Industry Report: How Chinese OEMs Build Western Tech Organisations to Compete in the West.

How Chinese EV makers are establishing Western tech hubs to compete with Western OEMs & how Western OEMs can respond

Calle Unnérus


  • Chinese EV makers are establishing Western tech hubs to compete with Western OEMs in Western markets.

  • Chinese automotive software organizations are large, and the data on them have been limited and secretive until recently

  • Western automakers are at a big risk of overreacting when responding to the threat of Chinese entrants

  • The main expansion goals of Chinese software organizations are to develop Western market-specific software to appeal to Western customers, follow Western regulations as well and access top-tier talent not available in the local Chinese market.

  • How Western automakers can compete with Chinese EV makers on a talent level through learnings from Big Tech 

  • Operating a world-class automotive software & AI organization from a talent perspective requires a new approach

Overview of market trends

Chinese EV makers’ software organizations have long been secretive and functioned exclusively in China. However, their size and publicity have grown, especially among younger software talent, with the stagnation of the rest of the Chinese tech sector.

Today, most Chinese EV makers rank within the top 30 most popular places to work for young Chinese talent.

However, what’s next for Chinese EV makers is not a larger share of software talent in China but a larger share of software talent in the West.

There are 2 main reasons for this strategic shift:

  1. Chinese EV makers need to sell cars in Western markets. This comes with new consumer behavioral requirements, and software demands that Western engineers better implement. Additionally, Western regulations need to be treated differently, also on a software level.

  1. Access to top-tier software talent. The Western tech talent pool is larger, more experienced, and more competent compared to the Chinese pool. Chinese EV makers need Western talent to compete in software and AI on a global scale.

Chinese EV makers are well prepared for this expansion, as they have closely followed Western OEMs entering China and their struggles to keep up with domestic brands due to software issues. This is a mistake Chinese EV makers don’t want to repeat when entering Western markets.

Where it starts: Chinese EV Makers' Software Organizations in China (case study: BYD)

As of April 2024, no Chinese EV maker has significantly expanded into Western markets. Traditionally, the overwhelming majority of base-layer Chinese EV software has been built by Chinese engineers in China, while the more complex software components have been purchased from Western Tier1s.

However, in recent years, this has changed as the components that Chinese EV makers previously purchased by Western Tier1s are being developed in-house.

An example of this trend is Chinese BYD changing their ADAS environment from purchased from Bosch to one developed in-house. This announcement came in May 2023 when BYD announced it was setting up an intelligent driving research division in Shanghai. Not even one year later, in January 2024, they announced they’d launch it during the spring 2024.

The ADAS division, which was small and scattered before, has grown into a behemoth, with 4,000 employees (1,000 algorithm & hardware engineers and 3000 software engineers), revealed at the BYD Dream Day in January 2024. 

At the BYD Dream Day, the company also revealed the headcount of its Research and Development organization for the first time, including its plan for a move from software-defined mobility to AI-defined mobility.

Here’s an overview of BYD’s total R&D headcount of 90,000 employees spread across 10 departments:

  1. 智慧大脑, Intelligent Brain: AI and smart components of vehicles, such as ADAS and AD-autonomous driving technology. HEADCOUNT (4000) / 1,000 algorithm and hardware engineers and 3,000 software engineers.
  2. 三部系统, Three-Part System: Modular approach to vehicle systems and integration of three key areas of vehicle design.
  3. 底层体, Underlying Body/Foundation: Engineering aspects of vehicles, including chassis and bodywork.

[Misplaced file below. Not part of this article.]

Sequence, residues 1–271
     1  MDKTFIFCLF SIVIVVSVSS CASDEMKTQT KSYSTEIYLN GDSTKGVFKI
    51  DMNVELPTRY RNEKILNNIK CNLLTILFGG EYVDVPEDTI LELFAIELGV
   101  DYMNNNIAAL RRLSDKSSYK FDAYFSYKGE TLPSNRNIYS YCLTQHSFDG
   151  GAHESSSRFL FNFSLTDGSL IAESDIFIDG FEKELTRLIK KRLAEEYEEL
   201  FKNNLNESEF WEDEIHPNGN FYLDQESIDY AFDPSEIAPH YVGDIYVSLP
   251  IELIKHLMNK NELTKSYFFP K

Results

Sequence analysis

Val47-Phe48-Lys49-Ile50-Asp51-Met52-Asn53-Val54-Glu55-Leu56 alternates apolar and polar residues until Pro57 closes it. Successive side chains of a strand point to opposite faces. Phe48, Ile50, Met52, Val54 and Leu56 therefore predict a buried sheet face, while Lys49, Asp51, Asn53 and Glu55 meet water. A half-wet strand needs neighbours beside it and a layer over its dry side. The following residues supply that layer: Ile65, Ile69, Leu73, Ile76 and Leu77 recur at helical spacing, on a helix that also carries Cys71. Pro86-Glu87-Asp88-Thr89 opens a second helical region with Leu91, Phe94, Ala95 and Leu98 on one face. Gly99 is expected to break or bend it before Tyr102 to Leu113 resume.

4. 高端制造, High-End Manufacturing: The manufacturing of premium components
  5. 电池系统, Battery System: Design and manufacturing of battery systems in electric vehicles
  6. 电动化, Electrification: Electric powertrain development. Mainly includes system-level technologies such as three-electric systems, chassis system and body system.
  7. 智能化, Intelligence: Smart vehicle systems. Intelligent functions such as smart cockpit and smart driving.
  8. 半导体, Semiconductor: Semiconductors essential for vehicle functionality.
  9. 动力系统, Power System: Vehicle propulsion system.
  10. 电子电路, Electronic Circuit: Electronic circuitry in automotive electronics.

BYD is also heavily investing in AI, which is divided into Core AI, and Leading AI

Core AI: Self-research and development, empowering the next generation

Leading AI: Advanced algorithms, big data analysis, cloud computing, and edge comput

The goal of BYD’s AI-defined vehicle intelligence is to achieve smooth communication between various systems. BYD benefits from independently building the core technology of the entire new energy vehicle (NEV) industry chain, achieving full-stack self-research from hardware to software.

To achieve vehicle intelligence, BYD uses the brain as the core and links the neural network to launch the vehicle intelligence and electronics integration architecture (the “Xuanji Architecture”). The Xuanji architecture consists of one brain, two ends, three networks, and four chains:

  1. Brain: The "brain" of the Xuanji architecture is BYD's self-developed and self-produced central control chip. The chip is compatible with a variety of System-on-chip (SoC) chips and is also equipped with an AI module based on a general-purpose GPU architecture.
  2. Two ends: The "two ends" of the Xuanji architecture are closed-loop car-side AI that is responsible for the personalized driving needs of car owners + cloud AI based on BYD's supercomputing center. Local AI ensures customer privacy and cloud AI enhances computing power assistance.
  3. Three networks: The "three networks" of the Xuanji architecture include the Internet of Vehicles (high- and low-speed communications), 5G network (high bandwidth and low latency), and satellite network (no signal blind spots), which allows consumers to stay connected in various driving environments.
  4. Four chains: The Xuanji architecture's "four chains" cover the sensing chain (full vehicle perception system), control chain (collaborative control system), data chain (vehicle big data training), and mechanical chain (driving control system).

Moving into the Western markets

When it comes to selling cars in the Western markets, Chinese EV makers (BYD, Xpeng, NIO etc.) have realized that they need to rebuild their software organizations for international expansion.